I guess to me this isn't really any different than rooting/jailbreaking. People fought that because it was equipment they paid for. Since this is something we pay for with our data plans and the hardware built into the phones we paid for, than what is this extra charge for as long as we are in our data plans? I really am not understanding. The more I hear about it, the more Verizon sounds like crooks.
  16. John_Roger

    John_Roger Well-Known Member

    I pay thirty a month for unlimited mobile hotspot. I don't have to worry about being throttled. :D
  17. dave1812

    dave1812 Well-Known Member


    I'll see your $30 and raise you $30; I used to pay $60/month for 5GB for a MiFi. I ended up doing an ETF half way through the two years because it was an insane amount to pay for the limited use I made of the MiFi. I only got it because I didn't own a smartphone at the time. Once I got a smartphone, it seemed stupid to continue to pay for MiFi. :)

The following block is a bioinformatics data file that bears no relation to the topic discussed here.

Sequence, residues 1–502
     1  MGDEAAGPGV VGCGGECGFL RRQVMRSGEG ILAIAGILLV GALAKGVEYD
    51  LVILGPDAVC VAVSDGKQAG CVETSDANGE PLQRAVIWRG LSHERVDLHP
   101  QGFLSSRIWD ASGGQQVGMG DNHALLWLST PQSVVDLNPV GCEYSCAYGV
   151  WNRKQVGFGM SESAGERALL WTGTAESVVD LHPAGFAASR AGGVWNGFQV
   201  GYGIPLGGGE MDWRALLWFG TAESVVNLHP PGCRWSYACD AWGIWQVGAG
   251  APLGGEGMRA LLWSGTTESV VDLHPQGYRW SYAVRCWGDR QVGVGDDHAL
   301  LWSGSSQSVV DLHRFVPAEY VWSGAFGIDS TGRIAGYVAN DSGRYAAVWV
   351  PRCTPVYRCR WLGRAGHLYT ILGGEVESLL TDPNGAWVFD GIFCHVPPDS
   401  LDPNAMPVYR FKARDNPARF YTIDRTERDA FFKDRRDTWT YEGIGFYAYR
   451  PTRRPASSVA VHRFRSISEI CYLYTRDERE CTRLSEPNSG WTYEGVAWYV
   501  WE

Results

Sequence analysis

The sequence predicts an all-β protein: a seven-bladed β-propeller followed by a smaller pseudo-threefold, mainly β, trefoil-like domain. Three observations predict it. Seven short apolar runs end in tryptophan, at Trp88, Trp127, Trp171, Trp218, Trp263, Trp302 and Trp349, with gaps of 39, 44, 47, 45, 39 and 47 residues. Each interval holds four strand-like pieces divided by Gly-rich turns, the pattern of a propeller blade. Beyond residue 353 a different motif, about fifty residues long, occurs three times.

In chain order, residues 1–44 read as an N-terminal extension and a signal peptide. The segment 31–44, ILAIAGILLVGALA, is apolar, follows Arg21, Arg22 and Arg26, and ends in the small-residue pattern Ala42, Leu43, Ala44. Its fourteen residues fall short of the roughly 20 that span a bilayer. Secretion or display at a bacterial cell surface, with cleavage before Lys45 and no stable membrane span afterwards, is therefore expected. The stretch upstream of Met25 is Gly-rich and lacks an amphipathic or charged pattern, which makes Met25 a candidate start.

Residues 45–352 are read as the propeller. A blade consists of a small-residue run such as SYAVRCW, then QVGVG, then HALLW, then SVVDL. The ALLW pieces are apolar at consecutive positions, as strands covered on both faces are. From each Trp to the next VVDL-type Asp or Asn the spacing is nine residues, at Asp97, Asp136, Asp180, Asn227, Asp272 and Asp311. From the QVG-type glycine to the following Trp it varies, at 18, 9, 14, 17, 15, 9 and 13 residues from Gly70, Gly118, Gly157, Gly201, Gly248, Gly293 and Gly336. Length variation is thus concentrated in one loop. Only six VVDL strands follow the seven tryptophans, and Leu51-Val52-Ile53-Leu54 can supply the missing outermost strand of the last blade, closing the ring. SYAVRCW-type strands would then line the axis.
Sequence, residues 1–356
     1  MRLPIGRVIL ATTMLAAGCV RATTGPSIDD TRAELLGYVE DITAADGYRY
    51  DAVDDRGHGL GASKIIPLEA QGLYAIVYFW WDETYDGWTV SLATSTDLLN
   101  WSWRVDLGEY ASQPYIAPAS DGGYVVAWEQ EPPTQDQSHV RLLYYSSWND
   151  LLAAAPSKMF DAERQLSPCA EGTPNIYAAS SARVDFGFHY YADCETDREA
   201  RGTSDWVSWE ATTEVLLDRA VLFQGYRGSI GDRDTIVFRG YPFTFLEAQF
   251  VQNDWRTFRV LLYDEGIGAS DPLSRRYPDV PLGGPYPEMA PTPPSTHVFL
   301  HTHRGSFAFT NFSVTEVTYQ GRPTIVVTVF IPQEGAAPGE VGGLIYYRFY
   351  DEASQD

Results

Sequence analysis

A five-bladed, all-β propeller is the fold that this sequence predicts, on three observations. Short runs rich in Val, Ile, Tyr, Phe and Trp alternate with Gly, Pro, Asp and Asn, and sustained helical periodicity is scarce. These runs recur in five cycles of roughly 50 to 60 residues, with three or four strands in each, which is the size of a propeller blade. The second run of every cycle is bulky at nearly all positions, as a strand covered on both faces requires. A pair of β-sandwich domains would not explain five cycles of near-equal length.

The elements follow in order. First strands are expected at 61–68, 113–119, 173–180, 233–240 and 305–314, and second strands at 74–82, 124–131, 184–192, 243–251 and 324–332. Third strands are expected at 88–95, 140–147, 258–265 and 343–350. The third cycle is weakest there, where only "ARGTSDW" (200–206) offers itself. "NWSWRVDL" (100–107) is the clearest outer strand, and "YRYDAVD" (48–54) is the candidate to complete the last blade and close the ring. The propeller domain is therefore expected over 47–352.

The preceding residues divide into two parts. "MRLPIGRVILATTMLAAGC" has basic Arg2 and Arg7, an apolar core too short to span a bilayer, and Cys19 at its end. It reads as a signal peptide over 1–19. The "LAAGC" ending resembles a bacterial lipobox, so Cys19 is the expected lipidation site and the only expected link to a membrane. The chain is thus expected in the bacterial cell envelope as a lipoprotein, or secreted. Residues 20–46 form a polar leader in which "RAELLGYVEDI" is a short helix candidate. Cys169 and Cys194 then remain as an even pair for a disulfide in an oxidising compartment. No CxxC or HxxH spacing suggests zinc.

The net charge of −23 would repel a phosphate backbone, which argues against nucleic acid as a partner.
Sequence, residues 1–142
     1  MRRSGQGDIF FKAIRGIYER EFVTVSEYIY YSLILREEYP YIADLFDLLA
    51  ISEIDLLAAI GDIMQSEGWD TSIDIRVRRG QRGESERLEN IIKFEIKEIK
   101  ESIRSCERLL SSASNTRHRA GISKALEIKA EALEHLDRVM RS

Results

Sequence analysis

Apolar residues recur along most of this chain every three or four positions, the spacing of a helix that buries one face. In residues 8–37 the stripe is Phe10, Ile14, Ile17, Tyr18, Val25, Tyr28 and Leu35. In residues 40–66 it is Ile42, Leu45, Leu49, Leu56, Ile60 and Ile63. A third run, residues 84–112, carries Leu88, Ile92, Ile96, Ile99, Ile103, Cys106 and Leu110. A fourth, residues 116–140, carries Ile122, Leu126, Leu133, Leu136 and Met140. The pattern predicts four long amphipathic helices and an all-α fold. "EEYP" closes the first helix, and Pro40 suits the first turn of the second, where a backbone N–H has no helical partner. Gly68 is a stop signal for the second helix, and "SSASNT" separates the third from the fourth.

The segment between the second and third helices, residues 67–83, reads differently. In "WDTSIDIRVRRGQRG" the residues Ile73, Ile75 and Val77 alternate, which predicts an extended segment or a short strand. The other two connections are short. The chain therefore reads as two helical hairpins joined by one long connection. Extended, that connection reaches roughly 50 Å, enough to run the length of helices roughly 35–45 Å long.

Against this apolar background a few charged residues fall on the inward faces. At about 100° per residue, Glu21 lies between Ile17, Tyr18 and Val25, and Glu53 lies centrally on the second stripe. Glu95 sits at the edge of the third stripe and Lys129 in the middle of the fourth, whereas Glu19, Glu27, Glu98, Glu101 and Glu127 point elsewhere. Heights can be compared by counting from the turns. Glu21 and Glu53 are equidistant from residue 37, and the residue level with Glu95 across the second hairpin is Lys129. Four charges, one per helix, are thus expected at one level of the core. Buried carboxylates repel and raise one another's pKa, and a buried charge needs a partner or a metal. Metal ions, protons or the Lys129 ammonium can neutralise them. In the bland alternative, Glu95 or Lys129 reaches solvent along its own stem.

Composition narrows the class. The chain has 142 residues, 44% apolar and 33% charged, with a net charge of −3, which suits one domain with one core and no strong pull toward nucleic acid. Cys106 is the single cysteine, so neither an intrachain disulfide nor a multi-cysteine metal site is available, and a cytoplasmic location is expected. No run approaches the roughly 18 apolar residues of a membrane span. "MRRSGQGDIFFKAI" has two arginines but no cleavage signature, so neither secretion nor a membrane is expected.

marctronixx likes this.
  18. ErisDroid?

    ErisDroid? Well-Known Member

    Maybe I am working off of old information, BUT it is a violation of the terms and conditions of the contract we ALL signed at VZW. And don't tell me that you had to. That is a load of BS. True if you didn't sign it you would have service but that is still YOUR CHOICE! When was the last time you read the terms and conditions on anything you use? The EULA that we all scroll to the bottom on and agree to, chances are that 50% of us (or more) are in some violation of that agreement. In addition to this, I'm not saying your wrong or in trouble. Lets be honest, if it's free or a way to make it free we are going to use it. I use hot spotting and I know that I am stealing from them. However i agree with most of you that I am paying for unlimited data, so in my mind that shouldn't "limit" me to one device. So call me a hypocrite or what ever else you want.

    Rooting/Jailbreaking has never been illegal. Steve Jobs (RIP) was trying to make it illegal but never succeeded. They did try to scare us by saying it would void the warranty, but those of us that did root could un-root and they would never know.